treasure to support the work that we do.

Julia McNamara, PhD, is an example of one such philanthropist. She will tell you that she has been associated with the Dominican Sisters of Peace for most of her life, attending our founded high school, Dominican Academy, in New York City, and Ohio Dominican University in Columbus.

She went on to earn a master’s in philosophy and a PhD in French Language and Literature. She contributed her time and talents to our work for most of her adult life, serving first as a visiting professor, later as Dean of Students, and from 1981 to 2016, as President of Albertus Magnus, our founded college in New Haven, CT.

“Albertus is a Dominican institution, and I really found my place working with the Dominican Sisters of Peace. It is such an important focus for me,” she said in a 2016 interview with the Hartford Courant.

“Organizations evolve,” said Julia, “to meet the needs of the time. We are required to participate in the work and the life of the church, and of one another. The Dominican Sisters of Peace do that through community, service to the Church, and through their ministries of ecology, education, health care and spiritual guidance. This why I supported the Congregation even before they became Peace and continue to do so today.”

William “Bill” Keck, of Dayton, OH, says that his support is a direct result of the fine education that he received from our Sisters who taught him while a student in Newark, OH.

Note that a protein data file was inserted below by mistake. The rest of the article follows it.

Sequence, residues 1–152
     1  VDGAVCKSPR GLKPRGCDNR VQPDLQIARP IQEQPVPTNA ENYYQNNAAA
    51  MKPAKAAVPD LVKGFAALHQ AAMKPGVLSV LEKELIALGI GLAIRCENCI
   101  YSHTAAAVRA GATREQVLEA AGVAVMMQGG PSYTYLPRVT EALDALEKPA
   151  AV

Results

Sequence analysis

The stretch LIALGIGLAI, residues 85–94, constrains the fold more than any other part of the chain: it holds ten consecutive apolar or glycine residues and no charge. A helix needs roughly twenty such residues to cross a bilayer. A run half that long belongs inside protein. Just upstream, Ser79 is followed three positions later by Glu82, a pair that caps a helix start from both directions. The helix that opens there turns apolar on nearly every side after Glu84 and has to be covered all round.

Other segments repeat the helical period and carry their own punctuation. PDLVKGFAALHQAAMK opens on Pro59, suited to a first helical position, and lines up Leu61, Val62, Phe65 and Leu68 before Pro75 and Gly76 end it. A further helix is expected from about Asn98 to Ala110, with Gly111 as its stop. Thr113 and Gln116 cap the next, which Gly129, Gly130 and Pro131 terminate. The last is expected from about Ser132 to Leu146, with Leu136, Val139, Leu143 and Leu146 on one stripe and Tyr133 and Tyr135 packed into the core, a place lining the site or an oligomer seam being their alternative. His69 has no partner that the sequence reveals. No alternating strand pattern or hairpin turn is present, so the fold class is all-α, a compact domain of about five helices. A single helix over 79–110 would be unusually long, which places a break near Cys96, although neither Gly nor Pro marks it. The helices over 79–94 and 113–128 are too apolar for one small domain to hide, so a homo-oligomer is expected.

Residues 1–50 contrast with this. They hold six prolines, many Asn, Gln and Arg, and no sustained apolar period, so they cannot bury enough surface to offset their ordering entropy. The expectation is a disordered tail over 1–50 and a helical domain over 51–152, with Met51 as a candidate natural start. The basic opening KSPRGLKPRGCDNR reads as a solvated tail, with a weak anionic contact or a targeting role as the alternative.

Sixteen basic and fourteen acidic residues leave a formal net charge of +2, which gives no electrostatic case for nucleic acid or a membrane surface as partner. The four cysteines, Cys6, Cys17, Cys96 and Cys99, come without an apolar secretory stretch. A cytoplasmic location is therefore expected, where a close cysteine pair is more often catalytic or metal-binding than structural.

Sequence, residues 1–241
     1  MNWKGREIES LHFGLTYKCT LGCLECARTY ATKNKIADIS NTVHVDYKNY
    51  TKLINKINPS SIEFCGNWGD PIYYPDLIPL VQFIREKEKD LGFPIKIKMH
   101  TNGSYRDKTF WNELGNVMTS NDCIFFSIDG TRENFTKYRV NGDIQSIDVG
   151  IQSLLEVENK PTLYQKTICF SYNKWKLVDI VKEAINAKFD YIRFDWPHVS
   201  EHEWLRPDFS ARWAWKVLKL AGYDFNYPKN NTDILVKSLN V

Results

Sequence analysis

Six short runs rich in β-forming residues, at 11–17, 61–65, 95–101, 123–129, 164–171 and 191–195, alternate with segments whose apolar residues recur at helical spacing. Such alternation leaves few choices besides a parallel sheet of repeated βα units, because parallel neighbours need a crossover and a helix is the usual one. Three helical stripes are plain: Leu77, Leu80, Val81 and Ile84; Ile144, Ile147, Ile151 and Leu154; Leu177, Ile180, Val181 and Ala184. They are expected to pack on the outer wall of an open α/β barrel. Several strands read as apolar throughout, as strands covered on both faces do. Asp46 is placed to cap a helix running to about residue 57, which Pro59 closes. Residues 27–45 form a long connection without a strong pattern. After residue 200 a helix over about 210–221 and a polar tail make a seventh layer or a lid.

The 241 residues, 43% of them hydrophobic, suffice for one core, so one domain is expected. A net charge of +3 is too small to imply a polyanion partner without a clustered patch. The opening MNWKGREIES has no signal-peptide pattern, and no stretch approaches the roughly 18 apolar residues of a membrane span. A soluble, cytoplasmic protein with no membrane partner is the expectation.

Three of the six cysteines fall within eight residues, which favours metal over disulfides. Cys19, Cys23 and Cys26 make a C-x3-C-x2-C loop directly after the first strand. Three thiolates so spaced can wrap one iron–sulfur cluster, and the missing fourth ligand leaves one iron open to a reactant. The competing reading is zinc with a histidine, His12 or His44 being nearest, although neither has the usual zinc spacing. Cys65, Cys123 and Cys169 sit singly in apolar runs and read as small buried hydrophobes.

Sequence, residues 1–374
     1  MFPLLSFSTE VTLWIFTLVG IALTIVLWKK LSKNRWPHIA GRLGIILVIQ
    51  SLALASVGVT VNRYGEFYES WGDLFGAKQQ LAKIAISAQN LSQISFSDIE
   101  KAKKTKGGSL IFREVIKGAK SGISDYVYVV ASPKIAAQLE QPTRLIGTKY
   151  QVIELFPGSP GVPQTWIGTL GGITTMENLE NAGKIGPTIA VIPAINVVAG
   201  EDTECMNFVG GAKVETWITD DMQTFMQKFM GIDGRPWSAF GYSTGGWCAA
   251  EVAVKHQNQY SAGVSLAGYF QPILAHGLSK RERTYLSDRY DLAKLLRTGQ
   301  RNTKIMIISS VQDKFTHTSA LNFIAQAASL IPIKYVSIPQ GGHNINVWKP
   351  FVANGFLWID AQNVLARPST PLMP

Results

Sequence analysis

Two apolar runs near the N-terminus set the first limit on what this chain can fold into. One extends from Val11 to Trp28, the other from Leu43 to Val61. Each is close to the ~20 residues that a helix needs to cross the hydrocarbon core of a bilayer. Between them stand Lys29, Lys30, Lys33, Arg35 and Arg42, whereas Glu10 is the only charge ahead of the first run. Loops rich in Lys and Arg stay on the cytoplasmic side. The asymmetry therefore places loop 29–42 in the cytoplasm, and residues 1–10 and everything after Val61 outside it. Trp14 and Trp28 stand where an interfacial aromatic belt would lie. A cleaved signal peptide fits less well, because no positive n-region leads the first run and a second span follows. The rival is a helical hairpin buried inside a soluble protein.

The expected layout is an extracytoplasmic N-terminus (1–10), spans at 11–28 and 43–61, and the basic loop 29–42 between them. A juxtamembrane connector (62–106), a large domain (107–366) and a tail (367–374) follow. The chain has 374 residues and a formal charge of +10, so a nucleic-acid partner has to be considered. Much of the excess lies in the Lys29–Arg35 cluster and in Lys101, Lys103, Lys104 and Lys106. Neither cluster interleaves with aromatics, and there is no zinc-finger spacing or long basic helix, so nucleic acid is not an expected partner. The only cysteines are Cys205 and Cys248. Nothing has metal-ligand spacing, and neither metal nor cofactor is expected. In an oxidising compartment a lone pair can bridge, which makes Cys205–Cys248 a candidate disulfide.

“I attended Catholic school for all 12 grades, starting at Newark Blessed Sacrament, St. Francis High School, and Newark Catholic.” Bill chuckles as he says, “I needed a lot of encouragement from the Sisters. They were stern,
but they were good teachers.”

Bill remembers several of those teachers by name, but most important was Sr. Marie Bernard Kennedy,
OP, who taught Bill as a senior at Newark Catholic High School.

“She taught me geometry, physics, and advanced math, but the most important thing that Sr. Marie Bernard
taught me was that I was a better student that I thought I was. She inspired me to go from a C student to an A
student – she taught me that I could do that if I applied myself,” Bill recalls.

“I was lucky to have her as a teacher, even if for only one year. She had such a profound impact on my life…
her encouragement shaped the rest of my life.”

 

Bill studied accounting at the University of Dayton and has had a successful career as an accountant. He stayed in contact with Sr. Marie, visiting her at the Motherhouse even after she retired.

 

 

 

 

For Columbus, OH, resident Mary Rae Kelley, supporting Dominican Sisters is a family tradition. “My father was taught by Dominican Sisters at St. Francis on Buttles Avenue, I was educated by Sisters at St. James the Less and at St Francis DeSales.”

This affection for the Dominican order seems to be a family vocation as well. Her great Aunt was a Dominican, and she remembers trips to the Columbus Motherhouse and Mohun Health Care Center to visit her aunt and two second cousins who were Dominican Sisters of Hope. Many of Mary Rae’s donations have been earmarked for the care of our elderly Sisters.